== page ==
The National Association of Realtors (NAR) recently released a very interesting
report on housing affordability; one that runs counter to most of the recent studies
about this area of the economy.
The fourth annual National Housing Opportunity Pulse is conducted by the NAR's
Housing Opportunity Program which seeks to provide Realtors with the tools and
information they need to promote community housing opportunities by encouraging
local Realtor associations to help consumers gain access to housing.
The 2006 version of the study found
that Americans overwhelmingly
believe that it is not the purchase price of homes that provide an obstacle
to home ownership, rather it is the monthly price of staying in that home. Furthermore,
that concern is not necessarily based on the mortgage payment itself, but on
the ancillary costs associated with home ownership. By a two-to-one margin Americans
think that high monthly payments
rather than down payments
are the greatest obstacle to buying a home.
Surprisingly, rising property taxes were cited by 34 percent
of survey respondents as the leading cost concern associated with owning a home.
The second most frequently cited concern - mentioned by 28 percent of those
surveyed, was the growing cost of energy. Only 14 percent said that rising interest
rates would deter them from becoming homeowners.
The study said that in 2003 the average monthly mortgage payment, including
principal and interest, was $840. By April 2005 that figure had risen to $1,015,
an increase of 23.8 percent. One year later that figure had risen another 11.5
to $1,132. These are painful increases but they are just the beginning.
NAR quotes Energy Information Administration comparisons for February 2006
and February 2006: electric costs were up 12 percent for the period; natural
gas increased 28 percent; home heating oil (the principal heating source in
the Northeast) rose 25 percent. Furthermore, according to the Census Bureau,
state and local property taxes which averaged $969 in fiscal 2002 and $985 in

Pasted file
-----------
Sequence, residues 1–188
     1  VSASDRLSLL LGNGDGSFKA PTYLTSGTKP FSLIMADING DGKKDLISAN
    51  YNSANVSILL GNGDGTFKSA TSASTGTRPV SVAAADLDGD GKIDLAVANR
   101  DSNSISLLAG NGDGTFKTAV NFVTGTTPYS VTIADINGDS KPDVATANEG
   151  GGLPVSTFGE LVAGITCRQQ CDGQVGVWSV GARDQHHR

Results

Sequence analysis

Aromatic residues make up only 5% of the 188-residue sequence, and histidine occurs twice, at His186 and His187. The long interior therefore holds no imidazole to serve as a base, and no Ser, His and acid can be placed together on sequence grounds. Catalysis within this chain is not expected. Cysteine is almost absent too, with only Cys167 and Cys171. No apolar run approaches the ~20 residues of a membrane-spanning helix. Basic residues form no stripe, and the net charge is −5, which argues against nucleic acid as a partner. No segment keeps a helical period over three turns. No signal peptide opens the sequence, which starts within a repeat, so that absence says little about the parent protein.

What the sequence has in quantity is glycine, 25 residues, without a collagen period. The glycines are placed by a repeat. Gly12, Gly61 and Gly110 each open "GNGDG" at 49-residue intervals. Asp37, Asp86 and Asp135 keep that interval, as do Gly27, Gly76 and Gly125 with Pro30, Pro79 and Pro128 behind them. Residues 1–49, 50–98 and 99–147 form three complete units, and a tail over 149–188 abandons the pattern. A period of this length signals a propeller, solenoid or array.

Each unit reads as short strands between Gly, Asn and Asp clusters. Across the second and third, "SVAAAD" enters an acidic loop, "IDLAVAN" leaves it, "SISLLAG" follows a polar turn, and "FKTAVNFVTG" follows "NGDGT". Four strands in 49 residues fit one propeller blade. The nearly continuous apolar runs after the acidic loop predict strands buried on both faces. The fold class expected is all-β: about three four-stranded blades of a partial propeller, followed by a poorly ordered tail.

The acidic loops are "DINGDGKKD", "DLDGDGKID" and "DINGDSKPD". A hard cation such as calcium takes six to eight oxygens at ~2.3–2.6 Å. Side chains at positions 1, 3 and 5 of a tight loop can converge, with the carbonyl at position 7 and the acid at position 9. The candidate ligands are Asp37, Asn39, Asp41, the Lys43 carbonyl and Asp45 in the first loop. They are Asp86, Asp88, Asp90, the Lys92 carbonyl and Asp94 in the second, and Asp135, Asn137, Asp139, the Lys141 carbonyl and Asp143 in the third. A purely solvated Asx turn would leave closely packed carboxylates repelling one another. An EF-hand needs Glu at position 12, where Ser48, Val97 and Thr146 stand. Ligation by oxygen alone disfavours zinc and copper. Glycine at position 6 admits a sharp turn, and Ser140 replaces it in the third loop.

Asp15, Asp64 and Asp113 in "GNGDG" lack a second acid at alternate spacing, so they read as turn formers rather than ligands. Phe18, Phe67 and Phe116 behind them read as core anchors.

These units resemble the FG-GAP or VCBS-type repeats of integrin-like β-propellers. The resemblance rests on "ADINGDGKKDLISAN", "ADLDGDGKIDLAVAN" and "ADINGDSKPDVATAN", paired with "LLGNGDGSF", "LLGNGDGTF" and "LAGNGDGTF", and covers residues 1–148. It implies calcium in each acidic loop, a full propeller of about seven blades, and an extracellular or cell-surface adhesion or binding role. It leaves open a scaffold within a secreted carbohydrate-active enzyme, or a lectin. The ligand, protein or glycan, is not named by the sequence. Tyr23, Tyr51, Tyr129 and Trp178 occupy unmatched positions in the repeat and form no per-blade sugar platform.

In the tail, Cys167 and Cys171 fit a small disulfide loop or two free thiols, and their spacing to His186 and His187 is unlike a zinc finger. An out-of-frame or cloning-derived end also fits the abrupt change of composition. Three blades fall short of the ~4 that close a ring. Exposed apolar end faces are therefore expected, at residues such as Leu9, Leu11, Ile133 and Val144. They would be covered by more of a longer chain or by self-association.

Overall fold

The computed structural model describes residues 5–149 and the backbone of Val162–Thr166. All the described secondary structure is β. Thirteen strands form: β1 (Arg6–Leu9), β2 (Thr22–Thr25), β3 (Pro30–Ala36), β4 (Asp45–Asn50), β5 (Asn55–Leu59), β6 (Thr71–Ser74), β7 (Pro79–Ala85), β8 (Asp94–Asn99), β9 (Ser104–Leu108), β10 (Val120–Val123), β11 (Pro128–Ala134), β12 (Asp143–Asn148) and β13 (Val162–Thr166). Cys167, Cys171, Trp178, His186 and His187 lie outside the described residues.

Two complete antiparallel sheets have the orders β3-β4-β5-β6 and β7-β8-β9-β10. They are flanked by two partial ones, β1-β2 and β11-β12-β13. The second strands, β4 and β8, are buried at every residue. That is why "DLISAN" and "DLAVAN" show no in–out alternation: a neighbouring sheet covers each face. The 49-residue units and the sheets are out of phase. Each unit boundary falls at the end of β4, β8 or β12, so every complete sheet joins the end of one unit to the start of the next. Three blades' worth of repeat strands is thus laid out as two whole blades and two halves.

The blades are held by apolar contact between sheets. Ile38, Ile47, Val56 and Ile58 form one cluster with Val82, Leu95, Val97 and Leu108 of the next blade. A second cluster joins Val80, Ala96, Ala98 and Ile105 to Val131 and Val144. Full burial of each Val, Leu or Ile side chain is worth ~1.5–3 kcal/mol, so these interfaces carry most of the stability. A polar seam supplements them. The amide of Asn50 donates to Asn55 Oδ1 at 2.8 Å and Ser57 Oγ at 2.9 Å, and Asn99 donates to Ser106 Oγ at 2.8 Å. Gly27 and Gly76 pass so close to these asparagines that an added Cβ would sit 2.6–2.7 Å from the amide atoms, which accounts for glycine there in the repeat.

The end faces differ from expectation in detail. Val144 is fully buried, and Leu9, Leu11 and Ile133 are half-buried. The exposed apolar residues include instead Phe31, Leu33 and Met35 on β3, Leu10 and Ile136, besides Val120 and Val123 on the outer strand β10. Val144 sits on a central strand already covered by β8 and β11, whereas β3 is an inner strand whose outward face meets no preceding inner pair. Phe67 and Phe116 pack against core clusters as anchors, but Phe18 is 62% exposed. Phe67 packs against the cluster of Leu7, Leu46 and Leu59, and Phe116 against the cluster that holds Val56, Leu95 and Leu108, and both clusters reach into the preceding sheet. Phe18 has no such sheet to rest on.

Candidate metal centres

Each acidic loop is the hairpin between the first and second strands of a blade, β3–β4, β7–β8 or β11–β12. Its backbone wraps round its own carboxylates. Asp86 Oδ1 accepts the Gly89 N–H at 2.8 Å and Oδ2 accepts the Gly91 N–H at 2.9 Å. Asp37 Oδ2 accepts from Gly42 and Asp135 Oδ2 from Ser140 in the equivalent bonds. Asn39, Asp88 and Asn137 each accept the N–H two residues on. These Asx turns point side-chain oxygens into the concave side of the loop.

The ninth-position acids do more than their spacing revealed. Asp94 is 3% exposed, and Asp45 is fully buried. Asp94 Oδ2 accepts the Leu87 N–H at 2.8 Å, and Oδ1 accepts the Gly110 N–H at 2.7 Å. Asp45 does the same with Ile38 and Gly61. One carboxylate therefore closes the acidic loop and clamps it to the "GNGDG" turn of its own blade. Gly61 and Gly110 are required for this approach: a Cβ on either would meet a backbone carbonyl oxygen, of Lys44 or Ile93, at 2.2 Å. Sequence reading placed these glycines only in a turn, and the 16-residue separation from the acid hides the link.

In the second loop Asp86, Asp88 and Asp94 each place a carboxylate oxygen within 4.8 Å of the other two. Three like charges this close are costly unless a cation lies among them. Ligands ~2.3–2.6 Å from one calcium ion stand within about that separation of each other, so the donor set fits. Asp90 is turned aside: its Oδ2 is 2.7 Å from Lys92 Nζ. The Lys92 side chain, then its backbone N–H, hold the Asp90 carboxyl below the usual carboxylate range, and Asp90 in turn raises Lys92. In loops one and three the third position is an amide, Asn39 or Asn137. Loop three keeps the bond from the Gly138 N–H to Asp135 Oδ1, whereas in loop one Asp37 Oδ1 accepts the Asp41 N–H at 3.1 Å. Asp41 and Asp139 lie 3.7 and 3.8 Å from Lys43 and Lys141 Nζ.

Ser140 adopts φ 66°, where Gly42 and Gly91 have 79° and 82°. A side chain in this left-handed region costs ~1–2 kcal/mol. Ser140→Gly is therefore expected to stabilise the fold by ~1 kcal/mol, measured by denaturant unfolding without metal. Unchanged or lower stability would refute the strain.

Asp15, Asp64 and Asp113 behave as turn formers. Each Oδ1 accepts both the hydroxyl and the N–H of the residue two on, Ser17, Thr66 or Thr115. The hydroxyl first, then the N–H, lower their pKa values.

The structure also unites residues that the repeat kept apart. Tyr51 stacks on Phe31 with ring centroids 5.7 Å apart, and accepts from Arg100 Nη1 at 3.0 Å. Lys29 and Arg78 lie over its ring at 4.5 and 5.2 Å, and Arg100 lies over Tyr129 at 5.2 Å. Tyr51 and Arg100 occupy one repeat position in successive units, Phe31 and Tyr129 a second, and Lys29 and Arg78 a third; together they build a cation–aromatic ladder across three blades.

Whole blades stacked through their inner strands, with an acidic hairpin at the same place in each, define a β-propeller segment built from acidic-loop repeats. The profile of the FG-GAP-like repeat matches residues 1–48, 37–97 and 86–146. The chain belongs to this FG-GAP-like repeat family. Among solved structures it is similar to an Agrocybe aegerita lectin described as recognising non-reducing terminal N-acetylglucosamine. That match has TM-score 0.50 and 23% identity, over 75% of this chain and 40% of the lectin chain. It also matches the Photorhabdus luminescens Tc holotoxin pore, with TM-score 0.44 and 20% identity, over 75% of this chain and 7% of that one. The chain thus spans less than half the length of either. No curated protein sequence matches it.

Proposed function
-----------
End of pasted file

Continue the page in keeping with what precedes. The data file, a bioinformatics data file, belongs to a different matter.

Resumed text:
2003 were $1,121 per person (sic) in 2004.
NAR found that more than 42 percent of Americans ranked the lack of affordable
housing in their communities as one of their top three concerns. However, 82
percent cited high energy costs and 53 percent were concerned about the lack
of affordable health care. Nearly one-third are concerned that they will never
be able to buy a home and 58 percent feel that the cost of housing is becoming
a drag on their local economy.
Americans are also concerned that their children or other family members will
be shut out of housing in their own communities. Fifty seven percent cited this
as a concern and 48 percent were worried that they or their family members will
be forced to live in less desirable areas due to the cost of housing.
The concern about affordable housing is spilling over into rental property.
Sixty eight percent of survey respondents feel that even renting a home is becoming
too difficult for local families - an increase of 7 percent in a year. As a
response to this, a remarkable 80 percent of Americans are now willing to support
more affordable homes in their local communities and 68 percent would be more
likely to vote for candidates who pledged to make housing more affordable. The
latter is a six percent increase in the last two years.
USA Today, commenting on the NAR study said that "One big risk is that
the affordability crisis could accelerate the growing chasm between rich and
poor, making that gap harder to cross."